Rendering XML Text

FormText is capable of parsing and displaying XML tags. It supports only a very limited subset of HTML tags. For example, the following code renders the XML text, as shown in Figure 21-7.

 form.getBody().setLayout(new TableWrapLayout());
 FormText text = toolkit.createFormText(form.getBody(), true);

 Image image = new Image(form.getDisplay(), "icons/eclipse0.gif");
 text.setImage("eclipse", image);

" + "

Eclipse Projects:

" + "

  • Platform - Eclipse frameworks
  • " + "
  • JDT - Java development tools
  • " + "
  • PDE - Plug-in development environment
  • " + "

", true, false);

image from book
Figure 21-7

You might notice that FormText renders the text much as a Web browser does. However, there are a number of differences. For FormText, the root tag for the XML text must be form. FormText is not a Web browser, and it cannot automatically retrieve images from the Internet. In the preceding code, you create an image first and then register it with the FormText instance with a key (i.e., "eclipse"). In the XML text, you reference the image using its key through the href attribute of the img tag.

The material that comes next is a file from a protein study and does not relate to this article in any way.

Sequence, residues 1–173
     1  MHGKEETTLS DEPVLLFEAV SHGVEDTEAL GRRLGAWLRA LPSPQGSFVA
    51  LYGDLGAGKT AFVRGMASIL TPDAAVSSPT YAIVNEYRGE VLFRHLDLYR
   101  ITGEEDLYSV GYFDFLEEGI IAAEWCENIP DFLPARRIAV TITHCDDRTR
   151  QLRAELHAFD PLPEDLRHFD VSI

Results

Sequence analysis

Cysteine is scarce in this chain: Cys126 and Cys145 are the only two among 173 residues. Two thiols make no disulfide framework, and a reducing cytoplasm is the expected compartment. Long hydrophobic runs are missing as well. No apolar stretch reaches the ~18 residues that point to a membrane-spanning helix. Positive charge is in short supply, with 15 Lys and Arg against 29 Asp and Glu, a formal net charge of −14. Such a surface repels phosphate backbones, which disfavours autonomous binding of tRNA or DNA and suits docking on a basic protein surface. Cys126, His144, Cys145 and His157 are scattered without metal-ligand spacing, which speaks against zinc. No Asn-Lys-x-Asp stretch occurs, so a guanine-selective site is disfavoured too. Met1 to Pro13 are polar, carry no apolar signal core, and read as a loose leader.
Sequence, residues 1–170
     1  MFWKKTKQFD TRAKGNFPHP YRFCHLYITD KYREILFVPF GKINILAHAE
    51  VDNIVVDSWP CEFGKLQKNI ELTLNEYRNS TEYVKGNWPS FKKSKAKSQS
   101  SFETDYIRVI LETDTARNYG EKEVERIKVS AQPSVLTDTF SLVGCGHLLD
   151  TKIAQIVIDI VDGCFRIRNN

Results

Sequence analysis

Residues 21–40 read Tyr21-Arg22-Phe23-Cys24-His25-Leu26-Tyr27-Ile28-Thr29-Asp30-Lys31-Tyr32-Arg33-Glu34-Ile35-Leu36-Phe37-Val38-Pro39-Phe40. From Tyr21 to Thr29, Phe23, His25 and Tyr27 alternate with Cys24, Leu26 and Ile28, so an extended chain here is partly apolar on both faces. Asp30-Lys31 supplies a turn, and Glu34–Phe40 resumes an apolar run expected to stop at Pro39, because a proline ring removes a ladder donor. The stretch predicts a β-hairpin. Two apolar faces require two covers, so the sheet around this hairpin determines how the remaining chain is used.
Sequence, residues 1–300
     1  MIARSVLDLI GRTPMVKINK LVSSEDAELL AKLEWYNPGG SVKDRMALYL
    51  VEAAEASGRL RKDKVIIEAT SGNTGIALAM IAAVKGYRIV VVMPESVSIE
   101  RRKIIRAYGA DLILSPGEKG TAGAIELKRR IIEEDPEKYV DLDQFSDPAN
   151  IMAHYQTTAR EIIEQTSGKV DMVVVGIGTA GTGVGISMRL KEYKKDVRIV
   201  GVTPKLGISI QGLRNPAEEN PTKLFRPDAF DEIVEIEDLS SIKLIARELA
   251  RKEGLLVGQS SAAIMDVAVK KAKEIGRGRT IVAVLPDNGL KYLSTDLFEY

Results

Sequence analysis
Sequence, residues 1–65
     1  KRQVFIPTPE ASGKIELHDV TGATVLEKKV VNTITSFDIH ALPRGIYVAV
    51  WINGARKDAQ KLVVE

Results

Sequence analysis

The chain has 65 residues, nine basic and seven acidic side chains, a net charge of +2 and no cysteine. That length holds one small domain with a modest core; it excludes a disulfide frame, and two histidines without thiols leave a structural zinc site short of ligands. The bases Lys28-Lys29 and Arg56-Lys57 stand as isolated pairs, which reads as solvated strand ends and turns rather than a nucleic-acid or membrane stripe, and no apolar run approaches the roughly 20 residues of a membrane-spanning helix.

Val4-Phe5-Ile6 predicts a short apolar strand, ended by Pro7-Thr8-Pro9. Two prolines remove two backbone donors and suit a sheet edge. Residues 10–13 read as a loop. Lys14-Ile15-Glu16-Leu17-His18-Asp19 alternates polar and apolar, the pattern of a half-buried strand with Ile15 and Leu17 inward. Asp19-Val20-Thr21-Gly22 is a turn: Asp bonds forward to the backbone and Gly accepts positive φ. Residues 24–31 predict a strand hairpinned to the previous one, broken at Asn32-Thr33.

Currently, the FormText class supports only the following tags:

  • p: Used to define paragraphs. It may have vspace as an attribute. If vspace is set to true, additional vertical space is added.
  • li: Used to define unordered list items. It may have the following attributes: vspace, style (valid values: bullet, text, and image), value, indent, and bindent.
  • img: Used to render an image. The href attribute is a key to the image registered with the FormText instance through the setImage method.
  • a: Used to render a hyperlink. The href attribute defines the href value for the hyperlink.
  • b: Used to decorate the enclosed text with bold.
  • br: Used to force a line break.
  • span: Used to set the color and the font for the enclosed text. It may have a color attribute and a font attribute.

As you can see, only a subset of HTML tags is supported by the FormText control. If you need to render HTML documents, use the Browser control (see Chapter 14 for more details).

Using ExpandableComposites